Tuesday, 26 November 2019

Synthesizer Build part-5: THE CABINET & TIPS.

How I made my synthesizer cabinets and tips concerning building the projects on my website.

My first synth cabinet:
I'm not going to get too deep into this because every individual will make their own cabinet or case to their own taste I think. This cabinet represents the vintage 70's look that I wanted for my synth and I'm very happy with it. 
If you are going to build all, or almost all, of the projects on my website you're going to end up with an amazing synthesizer (that I call the "Bergman-Berlin") that can rival the big Moog systems of back in the day and will cost you far less money. You can build as many oscillators as you wish (my system has five) and a variety of filters and other sound changers and noise generators and mixers that will make this an amazing sounding synth. There are examples enough in the demo videos on this site. Here is a picture of my synthesizer as it now is, at the end of October 2020:




Here are some pictures from different stages of building the first cabinet:



Almost finished, just one more panel to fit but already working very well:



I made no drawings and I measured everything as I was building it. That's the way I usually approach woodwork. The drawing is in my head. I did make two cardboard templates for the side panels to make sure I got those exactly the same. I measured the current draw with all panels that I have build so far switched on. All together it drew 250mA. That's less than an old fashioned bicycle lamp. :) I also installed a temperature sensor that is directly in contact with the heatsink of the LM317 that regulates the 15 volt output and it runs up to about 60°C. That's perfectly fine and normal. It can handle double that and the temperature stays at 60° and doesn't climb.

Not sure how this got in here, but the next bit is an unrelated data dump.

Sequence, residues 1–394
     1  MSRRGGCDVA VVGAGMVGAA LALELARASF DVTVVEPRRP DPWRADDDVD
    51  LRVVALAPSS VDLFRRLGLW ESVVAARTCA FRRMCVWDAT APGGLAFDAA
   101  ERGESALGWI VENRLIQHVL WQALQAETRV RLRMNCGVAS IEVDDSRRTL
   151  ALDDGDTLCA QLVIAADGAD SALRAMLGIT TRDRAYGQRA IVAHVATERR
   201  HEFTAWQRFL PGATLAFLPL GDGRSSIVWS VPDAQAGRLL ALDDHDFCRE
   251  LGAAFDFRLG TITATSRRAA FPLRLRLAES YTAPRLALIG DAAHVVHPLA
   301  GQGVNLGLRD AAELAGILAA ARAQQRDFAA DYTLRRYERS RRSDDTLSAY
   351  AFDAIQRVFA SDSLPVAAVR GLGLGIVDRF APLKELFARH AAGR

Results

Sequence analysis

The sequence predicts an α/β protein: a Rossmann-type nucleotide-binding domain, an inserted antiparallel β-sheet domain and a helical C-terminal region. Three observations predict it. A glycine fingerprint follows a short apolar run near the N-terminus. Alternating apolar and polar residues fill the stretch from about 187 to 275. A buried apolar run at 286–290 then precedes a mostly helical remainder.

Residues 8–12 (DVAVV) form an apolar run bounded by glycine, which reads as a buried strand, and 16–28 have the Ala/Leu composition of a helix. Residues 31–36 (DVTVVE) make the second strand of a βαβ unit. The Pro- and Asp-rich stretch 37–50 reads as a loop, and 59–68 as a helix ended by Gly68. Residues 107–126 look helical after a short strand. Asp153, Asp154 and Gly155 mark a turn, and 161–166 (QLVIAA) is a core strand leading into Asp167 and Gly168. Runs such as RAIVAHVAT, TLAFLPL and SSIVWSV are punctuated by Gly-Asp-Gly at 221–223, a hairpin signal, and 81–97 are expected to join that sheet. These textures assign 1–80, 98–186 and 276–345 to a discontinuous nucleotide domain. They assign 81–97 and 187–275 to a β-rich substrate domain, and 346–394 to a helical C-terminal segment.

The panels I use are made from aluminium (or aluminum if you're in the States ^^ ). They are 20 centimeters high so you could say I use the LookMumNoComputer Kosmo format. I bought 2 sheets of 1 meter long and 1.5mm thick and they are powder coated in gray/black. This powder coating is something I can really recommend because it's hard to scratch. If you just spray-paint your panels they will scratch very easily. You can write on the powder coating with a white acrylic pen. The one pen I bought had too wide a tip and I sharpened the tip with a razorblade but in the end it was un-useable. I ordered a pen online with a 0.7mm tip and that works far better. But if you laser-engrave your panels then you don't need all this anyway.

One IMPORTANT TIP I want to give you is the following: When you make your front panels for the modules set up a standard for their measurements right from the beginning. What I mean by that is decide on a fixed width for all of them. Choose for instance, 10CM for the bigger projects like the VCO's and 5CM for the smaller ones. Use those widths throughout the synth and don't do what I did and make them just the smallest size they can be. 
Here is why: You're going to build more panels/modules (eventually) than will fit in your synth cabinet and if they have a standardized width you can easily exchange them. For instance you might need more LFO's so you can take out a VCA and put in an LFO panel because they are the same width. I can not do that as easily because all my panels are designed with different widths.